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Tuesday 15 April 2014

Red Bull F1 team loses fuel-flow appeal, FIA upholds stewards call

The FIA Court of Appeal has rejected the Red Bull Formula 1 team's appeal against Daniel Ricciardo's disqualification from the Australian Grand Prix.

The Australian's car was found to have "consistently" exceeded the maximum permitted fuel-flow rate of 100kg/h but despite Red Bull arguing during Monday's hearing that this was not the case, the exclusion stands.
A five-man judging panel comprising Harry Duijm, Rui Botica Santos, Philippe Narmino, Antonio Rigozzi and Jan Stovicek made the decision based on yesterday's six-hour hearing in the FIA's Paris headquarters and extensive written testimony.
"The Court, after having heard the parties and examined their submissions, decided to uphold the Decision #56 of the Stewards by which they decided to exclude Infiniti Red Bull Racing's car #3 from the results of the 2014 Australian Grand Prix," said an FIA statement.
The full decision will be released "by the end of the week" although it's clear that the judges did not accept the basis of Red Bull's argument.
The team contended that its own fuel rail data was more accurate than a problematic fuel-flow sensor, permitting it to switch to its own fuel-flow model.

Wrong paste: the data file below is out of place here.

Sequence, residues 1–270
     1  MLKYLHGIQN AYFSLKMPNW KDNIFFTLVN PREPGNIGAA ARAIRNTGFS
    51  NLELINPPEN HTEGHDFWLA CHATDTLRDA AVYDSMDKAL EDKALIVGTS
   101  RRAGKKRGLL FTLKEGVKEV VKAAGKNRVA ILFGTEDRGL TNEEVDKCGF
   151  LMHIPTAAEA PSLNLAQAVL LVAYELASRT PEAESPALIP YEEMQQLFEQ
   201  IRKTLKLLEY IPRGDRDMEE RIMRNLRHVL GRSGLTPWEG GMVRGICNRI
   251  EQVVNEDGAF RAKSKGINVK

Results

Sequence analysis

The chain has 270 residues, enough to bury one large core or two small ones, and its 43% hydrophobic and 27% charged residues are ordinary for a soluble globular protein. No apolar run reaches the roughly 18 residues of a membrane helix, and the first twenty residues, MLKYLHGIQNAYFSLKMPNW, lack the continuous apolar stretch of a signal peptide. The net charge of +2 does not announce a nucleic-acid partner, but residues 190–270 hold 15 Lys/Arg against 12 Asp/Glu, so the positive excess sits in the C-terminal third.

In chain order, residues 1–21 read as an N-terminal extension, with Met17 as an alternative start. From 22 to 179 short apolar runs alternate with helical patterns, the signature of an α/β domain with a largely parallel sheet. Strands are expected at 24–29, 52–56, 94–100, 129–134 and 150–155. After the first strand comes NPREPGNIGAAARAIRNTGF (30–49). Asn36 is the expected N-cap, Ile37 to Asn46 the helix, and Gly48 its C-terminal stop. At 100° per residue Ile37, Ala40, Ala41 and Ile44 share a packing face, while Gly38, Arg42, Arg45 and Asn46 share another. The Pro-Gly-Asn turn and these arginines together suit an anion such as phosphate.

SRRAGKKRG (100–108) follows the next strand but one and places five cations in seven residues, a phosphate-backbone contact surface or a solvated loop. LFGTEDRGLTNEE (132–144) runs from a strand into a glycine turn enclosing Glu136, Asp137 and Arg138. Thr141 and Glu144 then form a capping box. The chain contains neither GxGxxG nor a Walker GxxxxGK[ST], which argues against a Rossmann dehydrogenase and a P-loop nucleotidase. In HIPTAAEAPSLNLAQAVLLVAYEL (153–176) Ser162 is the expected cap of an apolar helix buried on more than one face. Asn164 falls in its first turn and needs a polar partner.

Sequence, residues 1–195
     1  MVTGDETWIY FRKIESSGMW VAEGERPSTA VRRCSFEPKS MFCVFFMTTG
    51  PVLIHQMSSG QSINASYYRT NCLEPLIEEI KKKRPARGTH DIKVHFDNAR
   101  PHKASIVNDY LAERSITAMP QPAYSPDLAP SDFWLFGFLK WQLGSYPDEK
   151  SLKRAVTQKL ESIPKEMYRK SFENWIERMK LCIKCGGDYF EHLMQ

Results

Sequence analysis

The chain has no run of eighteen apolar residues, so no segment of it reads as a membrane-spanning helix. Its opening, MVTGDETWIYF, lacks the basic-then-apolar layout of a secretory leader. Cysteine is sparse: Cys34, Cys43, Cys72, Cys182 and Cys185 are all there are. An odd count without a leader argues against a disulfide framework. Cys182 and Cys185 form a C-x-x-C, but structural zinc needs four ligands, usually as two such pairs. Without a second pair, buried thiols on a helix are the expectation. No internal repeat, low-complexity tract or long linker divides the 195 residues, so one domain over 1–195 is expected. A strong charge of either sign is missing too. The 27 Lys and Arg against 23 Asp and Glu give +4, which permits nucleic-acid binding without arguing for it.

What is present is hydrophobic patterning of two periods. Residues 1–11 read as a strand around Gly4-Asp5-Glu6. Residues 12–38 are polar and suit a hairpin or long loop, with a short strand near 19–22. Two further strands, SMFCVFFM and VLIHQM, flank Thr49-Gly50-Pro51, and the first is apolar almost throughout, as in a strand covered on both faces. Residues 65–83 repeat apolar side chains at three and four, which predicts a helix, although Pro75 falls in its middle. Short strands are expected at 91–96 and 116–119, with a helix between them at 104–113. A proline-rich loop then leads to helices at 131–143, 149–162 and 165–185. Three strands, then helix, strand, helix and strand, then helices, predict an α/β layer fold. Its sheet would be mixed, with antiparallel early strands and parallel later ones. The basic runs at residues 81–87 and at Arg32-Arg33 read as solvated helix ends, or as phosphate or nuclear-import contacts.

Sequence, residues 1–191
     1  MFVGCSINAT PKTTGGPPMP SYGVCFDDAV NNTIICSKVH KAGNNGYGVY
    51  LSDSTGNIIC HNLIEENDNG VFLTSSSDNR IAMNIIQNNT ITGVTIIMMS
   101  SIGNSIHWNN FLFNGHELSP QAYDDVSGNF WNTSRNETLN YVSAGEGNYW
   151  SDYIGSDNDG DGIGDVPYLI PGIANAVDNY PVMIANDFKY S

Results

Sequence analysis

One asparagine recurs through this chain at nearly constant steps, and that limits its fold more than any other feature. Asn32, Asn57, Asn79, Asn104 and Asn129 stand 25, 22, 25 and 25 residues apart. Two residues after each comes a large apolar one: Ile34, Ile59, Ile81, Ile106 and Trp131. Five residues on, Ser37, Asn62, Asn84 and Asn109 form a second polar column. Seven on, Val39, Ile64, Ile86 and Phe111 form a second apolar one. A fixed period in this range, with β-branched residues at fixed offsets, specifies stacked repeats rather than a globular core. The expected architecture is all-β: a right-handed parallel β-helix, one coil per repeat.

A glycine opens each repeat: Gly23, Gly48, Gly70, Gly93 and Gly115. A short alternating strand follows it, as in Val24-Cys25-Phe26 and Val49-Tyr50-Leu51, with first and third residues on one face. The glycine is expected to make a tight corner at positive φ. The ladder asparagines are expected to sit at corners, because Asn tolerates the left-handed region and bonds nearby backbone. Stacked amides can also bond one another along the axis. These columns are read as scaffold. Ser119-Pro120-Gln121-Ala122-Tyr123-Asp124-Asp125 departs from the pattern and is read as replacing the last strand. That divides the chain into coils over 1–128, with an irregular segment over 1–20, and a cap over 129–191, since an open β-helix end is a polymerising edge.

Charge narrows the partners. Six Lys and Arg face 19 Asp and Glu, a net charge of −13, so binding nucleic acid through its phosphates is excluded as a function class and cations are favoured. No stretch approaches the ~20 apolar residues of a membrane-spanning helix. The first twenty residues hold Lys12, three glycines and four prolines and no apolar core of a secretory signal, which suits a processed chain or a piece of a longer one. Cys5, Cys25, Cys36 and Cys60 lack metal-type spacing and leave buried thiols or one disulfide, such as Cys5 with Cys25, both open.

Whether or not technical directive TD/016-14, issued on March 1, which made provision for relying on a team's own fuel flow model only with the FIA's permission and an FIA-issued correction factor, was binding was central to Red Bull's case.
It argued that the sensor, which offered different readings with identical engine settings during the first three runs in free practice three and the rest of Friday in Australia, was unreliable and therefore it could switch to the backup based on that without the FIA's say-so, contrary to what the technical directive said.
Red Bull had built its case on not having violated Article 5.1.4 of the technical regulations, which states "fuel mass flow must not exceed 100kg/h", but the FIA contended that it was only through the procedures laid out in the technical directives and therefore the fuel-flow meter that it was possible to prove compliance with that regulation.
While the team did offer evidence supporting the accuracy of its own fuel-flow model, any such data was argued by the FIA not to be verifiable as it still relies partly upon a software model.
The court of appeal has not issued any further sanction despite Mercedes representative Paul Harris QC arguing forcefully for a suspended punishment to ensure Red Bull was not tempted to repeat its offence.
As Red Bull made no attempt to hide what it had done given the FIA has access to comprehensive live fuel-flow data during the race, it's likely that this is seen unnecessary as there was no duplicity involved.
Crucially, this decision validates the use of the Gill Sensors-produced fuel-flow meter to police both the fuel-flow rate and the 100kg-per-race fuel limit, and confirms that only the FIA has the right to allow teams to switch to their own fuel-flow model as laid out in the technical directive.

Source: autosport.com